Stuttering, like other neuroses, occurs due to various reasons causing overstrain of the processes of excitation and inhibition and the formation of a pathological conditioned reflex. Stuttering is not a symptom or a syndrome, but a central nervous system disease in general. A nervous breakdown in the activity of the cerebral cortex can be caused, on the one hand, by the state of the nervous system its readiness for deviations from the norm.

On the other hand, disruption may be due to adverse exogenous factors. A reflection of a nervous breakdown is a disorder of a particularly vulnerable and vulnerable child’s area of ​​GNI – speech, which is manifested in a violation of the coordination of speech by speech therapy for stuttering along with the movements with the phenomena of arrhythmia and seizure. Violation of cortical activity is primary and leads to a distortion of the induction relationship between the cortex and the subcortex and a violation of those conditioned reflex mechanisms, which regulate the activities of subcortical entities.

Due to the conditions created under which the normal regulation of the cortex is distorted, there are negative shifts in the activity of the striopallid system. Its role in the stuttering mechanism is quite important, since normally this system is responsible for the pace and rhythm of breathing, the tone of the articulatory muscles. Stuttering does not occur with organic changes in striopallidum, but with dynamic deviations of its function.

Reasons for Stuttering

At present, two groups of causes can be distinguished: predisposing (“soil”) and producing (“tremors”). However, some etiological factors can contribute to the development of stuttering, and directly cause it.

Predisposing factors (“soil”):

Neuropathic aggravation of parents: nervous, infectious and somatic diseases that weaken or disorganized the functions of the central nervous system.

Neuropathic features of the most stuttering: nightly fears, enuresis, increased irritability, emotional tension.

Hereditary aggravation: stuttering, developing on the basis of the congenital weakness of the vocal apparatus, which is inherited as a recessive trait. In this case, it is necessary to take into account the role of exogenous factors, when the predisposition to stuttering is combined with adverse environmental effects.

Damage to the brain at various periods of development under the influence of many harmful factors: intrauterine and birth injuries, asphyxiation; postnatal-infectious, traumatic and metabolic-trophic disorders in various childhood diseases.

Physical weakness of children

Age-related features of brain activity; the cerebral hemispheres of the brain are mainly formed by the 5th year of life; by the same age, functional asymmetry in the activity of the brain is formed. Speech function is ontogenetically the most differentiated and late-maturing, especially fragile and vulnerable. Moreover, its slower maturation in boys than in girls causes a more pronounced instability of their nervous system.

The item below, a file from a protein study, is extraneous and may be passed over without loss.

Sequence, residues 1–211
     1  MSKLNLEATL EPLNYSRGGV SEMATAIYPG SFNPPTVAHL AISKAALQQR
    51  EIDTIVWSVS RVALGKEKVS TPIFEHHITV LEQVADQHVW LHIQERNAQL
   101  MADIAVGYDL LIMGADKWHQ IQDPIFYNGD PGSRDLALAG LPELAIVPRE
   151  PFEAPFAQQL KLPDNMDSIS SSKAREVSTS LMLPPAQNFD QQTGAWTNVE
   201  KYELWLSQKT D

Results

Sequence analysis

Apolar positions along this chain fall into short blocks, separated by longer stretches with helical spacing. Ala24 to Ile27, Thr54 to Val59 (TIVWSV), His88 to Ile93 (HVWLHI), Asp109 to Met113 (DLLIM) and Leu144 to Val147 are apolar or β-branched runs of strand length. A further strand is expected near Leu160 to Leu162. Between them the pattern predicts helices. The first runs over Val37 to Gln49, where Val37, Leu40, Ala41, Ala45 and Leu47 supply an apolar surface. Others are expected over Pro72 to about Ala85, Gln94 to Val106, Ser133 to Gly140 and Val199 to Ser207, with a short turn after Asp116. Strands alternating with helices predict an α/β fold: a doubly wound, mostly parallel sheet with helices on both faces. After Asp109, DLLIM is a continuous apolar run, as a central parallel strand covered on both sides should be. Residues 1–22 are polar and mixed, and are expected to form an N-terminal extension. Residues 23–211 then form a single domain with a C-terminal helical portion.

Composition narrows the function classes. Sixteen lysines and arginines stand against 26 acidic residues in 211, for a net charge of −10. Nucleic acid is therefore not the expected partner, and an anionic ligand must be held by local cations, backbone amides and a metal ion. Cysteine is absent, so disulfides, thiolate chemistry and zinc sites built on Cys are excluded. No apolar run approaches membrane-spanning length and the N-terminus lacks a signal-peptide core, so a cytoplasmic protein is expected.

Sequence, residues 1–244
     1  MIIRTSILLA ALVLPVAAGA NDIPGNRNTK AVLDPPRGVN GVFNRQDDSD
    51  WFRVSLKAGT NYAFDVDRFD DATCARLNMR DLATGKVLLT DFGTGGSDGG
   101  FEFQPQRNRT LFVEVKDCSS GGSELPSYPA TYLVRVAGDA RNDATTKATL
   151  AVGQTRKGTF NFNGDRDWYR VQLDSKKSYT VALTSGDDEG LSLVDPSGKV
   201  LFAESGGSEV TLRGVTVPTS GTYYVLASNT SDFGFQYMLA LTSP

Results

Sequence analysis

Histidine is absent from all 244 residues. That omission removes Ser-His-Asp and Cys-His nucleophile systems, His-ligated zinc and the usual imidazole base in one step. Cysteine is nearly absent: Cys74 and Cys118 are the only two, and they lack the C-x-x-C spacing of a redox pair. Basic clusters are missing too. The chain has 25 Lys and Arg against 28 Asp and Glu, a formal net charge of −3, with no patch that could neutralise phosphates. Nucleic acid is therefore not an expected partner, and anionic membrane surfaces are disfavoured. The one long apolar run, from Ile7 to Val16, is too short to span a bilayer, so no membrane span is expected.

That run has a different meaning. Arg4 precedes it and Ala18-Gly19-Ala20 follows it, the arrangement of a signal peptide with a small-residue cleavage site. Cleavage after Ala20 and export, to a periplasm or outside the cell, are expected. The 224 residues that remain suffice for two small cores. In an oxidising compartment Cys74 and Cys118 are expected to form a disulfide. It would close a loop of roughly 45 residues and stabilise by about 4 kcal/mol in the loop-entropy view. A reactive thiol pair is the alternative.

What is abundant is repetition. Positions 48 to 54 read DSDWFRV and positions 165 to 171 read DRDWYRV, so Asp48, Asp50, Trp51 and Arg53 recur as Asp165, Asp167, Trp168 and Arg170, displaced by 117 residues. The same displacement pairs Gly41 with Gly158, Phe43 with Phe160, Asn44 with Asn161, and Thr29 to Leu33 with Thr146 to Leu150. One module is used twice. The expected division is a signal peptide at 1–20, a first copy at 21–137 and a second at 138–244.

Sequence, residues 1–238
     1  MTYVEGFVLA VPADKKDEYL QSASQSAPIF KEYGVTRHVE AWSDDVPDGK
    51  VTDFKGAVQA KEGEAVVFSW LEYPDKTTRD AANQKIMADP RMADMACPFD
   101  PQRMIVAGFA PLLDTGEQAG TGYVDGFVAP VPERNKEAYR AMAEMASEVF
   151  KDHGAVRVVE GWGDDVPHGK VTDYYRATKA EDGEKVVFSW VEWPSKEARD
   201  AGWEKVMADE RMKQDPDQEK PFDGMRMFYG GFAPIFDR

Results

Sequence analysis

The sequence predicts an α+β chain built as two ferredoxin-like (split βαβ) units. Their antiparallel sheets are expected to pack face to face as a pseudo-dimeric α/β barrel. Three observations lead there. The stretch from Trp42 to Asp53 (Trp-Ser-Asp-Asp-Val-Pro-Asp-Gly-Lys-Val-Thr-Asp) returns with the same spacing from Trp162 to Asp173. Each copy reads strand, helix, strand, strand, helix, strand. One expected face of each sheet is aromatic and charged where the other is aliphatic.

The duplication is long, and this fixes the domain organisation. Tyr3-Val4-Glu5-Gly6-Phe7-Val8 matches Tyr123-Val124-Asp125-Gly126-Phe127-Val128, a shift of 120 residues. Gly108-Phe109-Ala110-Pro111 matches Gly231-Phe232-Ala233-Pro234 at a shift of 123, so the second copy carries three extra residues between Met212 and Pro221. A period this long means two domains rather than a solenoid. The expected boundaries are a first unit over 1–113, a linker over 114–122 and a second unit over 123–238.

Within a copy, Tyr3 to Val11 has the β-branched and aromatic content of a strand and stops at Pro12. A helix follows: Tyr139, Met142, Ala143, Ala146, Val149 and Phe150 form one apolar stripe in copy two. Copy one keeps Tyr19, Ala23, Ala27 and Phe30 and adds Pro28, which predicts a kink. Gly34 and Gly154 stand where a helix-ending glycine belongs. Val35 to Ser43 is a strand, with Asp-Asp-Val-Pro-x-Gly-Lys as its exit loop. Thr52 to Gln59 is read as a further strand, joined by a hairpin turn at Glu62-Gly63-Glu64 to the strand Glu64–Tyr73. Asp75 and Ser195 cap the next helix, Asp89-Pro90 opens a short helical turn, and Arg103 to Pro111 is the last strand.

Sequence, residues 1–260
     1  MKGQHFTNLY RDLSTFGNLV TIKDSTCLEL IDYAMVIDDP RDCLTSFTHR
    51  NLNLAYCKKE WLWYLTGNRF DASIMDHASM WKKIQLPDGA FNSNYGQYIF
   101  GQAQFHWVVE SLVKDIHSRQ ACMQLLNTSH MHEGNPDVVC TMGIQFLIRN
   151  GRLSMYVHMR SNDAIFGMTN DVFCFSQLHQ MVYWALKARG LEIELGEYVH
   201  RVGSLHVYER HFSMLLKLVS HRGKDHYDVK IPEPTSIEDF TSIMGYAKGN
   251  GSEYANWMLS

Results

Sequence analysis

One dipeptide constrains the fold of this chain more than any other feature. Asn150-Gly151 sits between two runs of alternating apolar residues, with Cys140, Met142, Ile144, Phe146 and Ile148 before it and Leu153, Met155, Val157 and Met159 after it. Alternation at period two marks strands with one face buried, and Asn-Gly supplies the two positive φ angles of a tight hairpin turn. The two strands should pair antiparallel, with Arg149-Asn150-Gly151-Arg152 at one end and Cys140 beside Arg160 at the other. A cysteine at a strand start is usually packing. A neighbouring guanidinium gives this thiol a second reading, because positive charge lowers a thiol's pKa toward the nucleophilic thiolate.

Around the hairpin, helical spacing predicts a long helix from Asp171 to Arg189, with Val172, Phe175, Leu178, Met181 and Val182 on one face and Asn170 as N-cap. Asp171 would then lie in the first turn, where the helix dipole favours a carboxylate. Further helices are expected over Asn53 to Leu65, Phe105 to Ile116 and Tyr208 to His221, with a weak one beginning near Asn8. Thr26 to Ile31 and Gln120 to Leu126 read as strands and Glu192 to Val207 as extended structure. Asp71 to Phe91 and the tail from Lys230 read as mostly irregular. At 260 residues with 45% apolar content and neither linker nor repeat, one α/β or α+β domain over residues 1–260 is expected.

The accelerated development of speech (3-4 years), when its communicative, cognitive and regulatory functions quickly develop under the influence of communication with adults. Many children during this period have a repetition of syllables and words (iterations), which is physiological in nature.

Hidden mental infringement of the child, increased reactivity on the basis of abnormal relationships with others.

Lack of positive and emotional contacts between adults and the child.

The lack of development of motor skills, sense of rhythm, facial-articulatory movements.

In the group of adverse causes, there are:

Anatomical and physiological causes: physical diseases with encephalopathic consequences:

  1. a) injuries (intrauterine, natural, often with asphyxia, concussion);
  2. b) organic brain disorders in which subcortical mechanisms that regulate movement can be damaged;
  3. c) exhaustion or overfatigue of the nervous system as a result of intoxication and other diseases that weaken the central apparatus of speech (measles, typhoid, rickets, worms, whooping cough, diseases of internal secretion, metabolism, imperfection of the sound-reproducing apparatus in cases of dyslalia, dysarthria, ZPR).

Mental and social causes:

  1. a) short-term – simultaneous – mental trauma (fear, fear);
  2. b) long-term psychological trauma, which is understood as improper upbringing in the family: spoiling, uneven upbringing, imperative education, prolonged negative emotions in the form of persistent mental stress or unresolved, constantly fixed conflict situations;
  3. c) improper formation of speech in childhood: speech on inspiration, tongue twisters, impaired sound pronunciation, quick nervous speech of parents;
  4. d) overload of young children with speech material, age-related complication of speech material and thinking (abstract concepts, complex phrase construction);
  5. e) imitation of stuttering (there are two forms of such speech induction: passive – the child involuntarily starts to stutter when hearing a stuttering speech; active – he copies the stuttering speech);
  6. e) retraining of left-handedness.